St. Augustine of Hippo


Episcopal Church

 


“Diving in Deep Water


February 10, 2019


The Reverend Nathanael Saint-Pierre


Have you ever been told by someone totally uneducated that it is a good thing to get an education? Have you ever received advice from someone with no expertise of the subject? Have you already felt the urge to offer your honest opinion to someone and be totally disregarded? My mother, who would have turned 98 last Wednesday, often got in deep waters because she always had an advice to provide, a wisdom to share. She did not have any degree. She was just a mother. 

Jesus, the carpenter, told Peter, the professional fisherman: “Put out into the deep water and let down your nets for a catch.” Simon, having spent the whole night with other professional fishermen and having caught nothing, questioned Jesus’ competence. But realizing (quickly enough) that Jesus was inhabited by an energy far bigger than pure competence, Simon responded: “Yet, if you say so, I will let down the nets.” The result is that the nets could not hold the catch. The good news of the story is that Simon gave credit to Jesus, saying: “Go away from me, Lord, for I am a sinful man!”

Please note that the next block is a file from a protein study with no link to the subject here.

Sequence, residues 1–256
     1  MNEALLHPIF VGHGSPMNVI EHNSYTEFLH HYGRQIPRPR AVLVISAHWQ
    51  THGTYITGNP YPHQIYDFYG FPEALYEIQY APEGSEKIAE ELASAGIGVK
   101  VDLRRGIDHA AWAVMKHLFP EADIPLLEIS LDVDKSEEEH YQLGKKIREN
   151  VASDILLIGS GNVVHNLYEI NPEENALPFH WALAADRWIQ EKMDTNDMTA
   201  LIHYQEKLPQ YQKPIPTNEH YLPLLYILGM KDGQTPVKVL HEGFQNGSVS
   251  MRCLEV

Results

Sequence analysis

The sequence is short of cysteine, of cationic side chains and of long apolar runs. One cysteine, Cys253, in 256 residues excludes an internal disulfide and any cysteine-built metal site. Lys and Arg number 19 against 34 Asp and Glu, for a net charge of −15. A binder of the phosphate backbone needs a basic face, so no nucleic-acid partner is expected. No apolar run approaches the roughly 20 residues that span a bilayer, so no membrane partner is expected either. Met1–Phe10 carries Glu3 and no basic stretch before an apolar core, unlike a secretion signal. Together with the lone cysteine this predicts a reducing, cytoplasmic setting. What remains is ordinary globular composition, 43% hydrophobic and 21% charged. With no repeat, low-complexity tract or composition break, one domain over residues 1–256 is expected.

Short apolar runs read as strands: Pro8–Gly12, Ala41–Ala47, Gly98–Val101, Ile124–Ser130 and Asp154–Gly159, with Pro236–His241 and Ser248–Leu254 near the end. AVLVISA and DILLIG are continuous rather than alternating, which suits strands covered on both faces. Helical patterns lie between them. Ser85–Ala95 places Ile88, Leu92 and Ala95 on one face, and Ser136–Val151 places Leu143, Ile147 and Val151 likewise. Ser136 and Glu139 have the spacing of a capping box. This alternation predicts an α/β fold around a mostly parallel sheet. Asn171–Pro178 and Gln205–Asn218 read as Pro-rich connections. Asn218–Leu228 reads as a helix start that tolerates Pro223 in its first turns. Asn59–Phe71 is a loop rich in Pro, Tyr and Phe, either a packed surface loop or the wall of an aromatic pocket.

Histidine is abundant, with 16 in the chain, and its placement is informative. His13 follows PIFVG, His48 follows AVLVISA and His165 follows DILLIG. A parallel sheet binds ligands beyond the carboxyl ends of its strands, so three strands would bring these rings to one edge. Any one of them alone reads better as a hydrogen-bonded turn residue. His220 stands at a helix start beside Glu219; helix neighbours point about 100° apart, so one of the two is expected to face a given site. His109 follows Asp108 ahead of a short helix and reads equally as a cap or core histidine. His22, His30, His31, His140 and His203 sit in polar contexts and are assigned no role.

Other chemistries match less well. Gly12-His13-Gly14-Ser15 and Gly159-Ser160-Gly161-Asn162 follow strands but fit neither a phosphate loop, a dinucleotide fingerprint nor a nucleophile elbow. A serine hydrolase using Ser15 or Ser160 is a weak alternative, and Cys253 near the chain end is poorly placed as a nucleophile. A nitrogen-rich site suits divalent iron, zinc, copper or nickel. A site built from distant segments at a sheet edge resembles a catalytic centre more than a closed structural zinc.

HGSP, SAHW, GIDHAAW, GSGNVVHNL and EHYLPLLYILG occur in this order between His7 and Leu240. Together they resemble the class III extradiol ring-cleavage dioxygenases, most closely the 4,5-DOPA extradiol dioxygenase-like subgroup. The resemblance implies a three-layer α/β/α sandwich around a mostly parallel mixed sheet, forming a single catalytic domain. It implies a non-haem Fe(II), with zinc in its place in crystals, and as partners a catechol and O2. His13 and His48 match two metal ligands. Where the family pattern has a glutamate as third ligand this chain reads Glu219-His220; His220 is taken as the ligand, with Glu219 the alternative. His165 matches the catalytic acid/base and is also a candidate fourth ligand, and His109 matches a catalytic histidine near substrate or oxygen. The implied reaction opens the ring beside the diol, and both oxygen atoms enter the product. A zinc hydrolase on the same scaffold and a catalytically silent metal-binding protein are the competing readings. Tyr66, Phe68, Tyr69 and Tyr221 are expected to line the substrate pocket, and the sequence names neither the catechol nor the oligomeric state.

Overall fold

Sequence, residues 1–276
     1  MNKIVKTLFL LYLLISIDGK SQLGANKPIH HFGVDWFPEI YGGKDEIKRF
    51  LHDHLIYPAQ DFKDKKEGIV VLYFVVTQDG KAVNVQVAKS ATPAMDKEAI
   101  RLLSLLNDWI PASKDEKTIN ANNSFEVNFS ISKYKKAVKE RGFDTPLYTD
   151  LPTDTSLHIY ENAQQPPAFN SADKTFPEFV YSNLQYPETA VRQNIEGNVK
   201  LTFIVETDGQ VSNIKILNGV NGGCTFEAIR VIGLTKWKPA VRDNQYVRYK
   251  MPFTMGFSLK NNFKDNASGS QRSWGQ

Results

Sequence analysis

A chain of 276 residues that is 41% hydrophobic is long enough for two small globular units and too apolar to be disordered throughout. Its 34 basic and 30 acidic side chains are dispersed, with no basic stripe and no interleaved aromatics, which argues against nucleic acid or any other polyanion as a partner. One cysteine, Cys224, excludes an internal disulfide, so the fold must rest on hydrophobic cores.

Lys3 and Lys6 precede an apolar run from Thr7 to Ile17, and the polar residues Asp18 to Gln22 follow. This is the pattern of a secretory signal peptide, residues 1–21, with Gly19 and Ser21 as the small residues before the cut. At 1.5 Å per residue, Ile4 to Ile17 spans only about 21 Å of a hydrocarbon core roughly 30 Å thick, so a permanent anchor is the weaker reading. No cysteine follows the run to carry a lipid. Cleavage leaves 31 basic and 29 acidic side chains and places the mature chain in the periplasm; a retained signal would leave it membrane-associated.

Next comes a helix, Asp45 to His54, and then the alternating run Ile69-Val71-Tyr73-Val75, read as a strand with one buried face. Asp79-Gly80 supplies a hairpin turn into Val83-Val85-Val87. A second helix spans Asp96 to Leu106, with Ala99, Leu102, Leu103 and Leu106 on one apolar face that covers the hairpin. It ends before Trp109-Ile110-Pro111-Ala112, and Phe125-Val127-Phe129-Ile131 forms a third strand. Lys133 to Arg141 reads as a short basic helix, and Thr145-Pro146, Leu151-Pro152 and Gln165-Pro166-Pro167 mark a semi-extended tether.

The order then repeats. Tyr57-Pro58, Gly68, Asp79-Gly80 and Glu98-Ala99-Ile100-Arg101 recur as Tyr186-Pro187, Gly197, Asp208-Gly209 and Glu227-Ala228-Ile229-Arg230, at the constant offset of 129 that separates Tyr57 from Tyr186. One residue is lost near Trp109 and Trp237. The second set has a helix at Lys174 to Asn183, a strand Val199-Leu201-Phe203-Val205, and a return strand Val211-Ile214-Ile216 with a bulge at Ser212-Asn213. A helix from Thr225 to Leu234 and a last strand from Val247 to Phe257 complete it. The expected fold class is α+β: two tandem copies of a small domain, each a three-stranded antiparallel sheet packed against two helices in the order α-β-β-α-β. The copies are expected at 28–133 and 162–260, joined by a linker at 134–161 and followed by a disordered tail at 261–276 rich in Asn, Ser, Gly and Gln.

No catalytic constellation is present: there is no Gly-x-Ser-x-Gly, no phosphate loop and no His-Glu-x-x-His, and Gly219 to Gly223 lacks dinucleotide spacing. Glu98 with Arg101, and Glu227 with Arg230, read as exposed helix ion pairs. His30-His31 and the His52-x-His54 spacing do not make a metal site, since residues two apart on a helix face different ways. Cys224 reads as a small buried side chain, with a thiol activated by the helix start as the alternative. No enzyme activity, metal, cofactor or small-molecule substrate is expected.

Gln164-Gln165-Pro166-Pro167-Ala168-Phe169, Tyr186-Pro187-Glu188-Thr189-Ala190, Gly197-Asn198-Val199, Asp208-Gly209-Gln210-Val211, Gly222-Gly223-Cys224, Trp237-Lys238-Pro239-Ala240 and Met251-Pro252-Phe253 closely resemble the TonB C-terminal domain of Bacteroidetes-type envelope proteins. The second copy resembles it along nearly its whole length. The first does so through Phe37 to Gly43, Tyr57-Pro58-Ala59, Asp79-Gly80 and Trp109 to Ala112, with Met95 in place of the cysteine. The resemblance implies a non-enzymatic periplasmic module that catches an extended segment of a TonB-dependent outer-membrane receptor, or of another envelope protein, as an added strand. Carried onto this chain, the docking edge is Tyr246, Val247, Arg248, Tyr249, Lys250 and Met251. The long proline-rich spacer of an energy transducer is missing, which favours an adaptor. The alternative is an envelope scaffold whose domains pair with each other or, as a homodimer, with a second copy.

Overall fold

What can a carpenter teach to professional fishermen? What can we learn from those we believe are not good enough, competent enough, sufficiently knowledgeable to guide us through deep waters?

Today, as we hold our Annual Parish Meeting, we cannot deny that St. A’s is in deep trouble. We are worried and concerned; the future is not certain. Our congregation is aging, some of our members died and left their spots empty. Others were not happy or disagreed with the direction of the administration and walked away. We’ve been in a boat for many years (10+ predating my ministry) trying to turn it around and we are failing. Unfortunately, instead of having honest and fierce conversations about the reasons why we are failing, we prefer to find one responsible and put the blame on one. After all, is that not what brought Jesus to the cross? The nation of Israel did not want to look at its own wrongdoing and unfaithfulness to God. Jesus was accused of blasphemy because he claimed to be God’s messenger/son. He deserved to die. He became the ransom; he paid with his life and taught, in his time and our time, the power of love. Can we open our eyes and see that there is no salvation unless we dive in deep water, following Jesus?

Often, we are the blockage that keeps miracles from happening. “This is not the way we do things here!” we say. Where is the room for innovation if we do the same things, the same way, and with the same attitude all the time? Jesus told Simon to go to the deep water. Jesus is also telling us that there are more people to catch deeper in the world than we can catch within the comfort of water in which we can swim. Jesus, from the beginning to the end, is consistently calling us to get outside of our comfort zone. My prayer is that we become like Simon. Yes, Simon did question, but did not REFUSE to do what Jesus suggested.